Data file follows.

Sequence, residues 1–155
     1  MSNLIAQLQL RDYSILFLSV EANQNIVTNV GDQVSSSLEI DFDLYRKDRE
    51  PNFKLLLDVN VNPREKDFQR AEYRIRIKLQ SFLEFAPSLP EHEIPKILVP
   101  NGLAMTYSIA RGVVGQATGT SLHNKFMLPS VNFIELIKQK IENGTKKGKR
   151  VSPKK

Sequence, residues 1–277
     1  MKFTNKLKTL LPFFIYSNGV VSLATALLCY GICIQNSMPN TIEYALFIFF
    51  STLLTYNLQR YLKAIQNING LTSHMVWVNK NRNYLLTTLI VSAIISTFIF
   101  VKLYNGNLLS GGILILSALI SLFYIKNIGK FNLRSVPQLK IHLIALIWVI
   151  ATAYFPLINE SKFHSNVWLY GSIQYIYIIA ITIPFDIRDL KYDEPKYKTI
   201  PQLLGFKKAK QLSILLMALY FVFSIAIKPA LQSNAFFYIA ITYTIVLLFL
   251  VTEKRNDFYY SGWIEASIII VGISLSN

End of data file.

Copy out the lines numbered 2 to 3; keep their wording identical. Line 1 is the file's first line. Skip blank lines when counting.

     1  MSNLIAQLQL RDYSILFLSV EANQNIVTNV GDQVSSSLEI DFDLYRKDRE
    51  PNFKLLLDVN VNPREKDFQR AEYRIRIKLQ SFLEFAPSLP EHEIPKILVP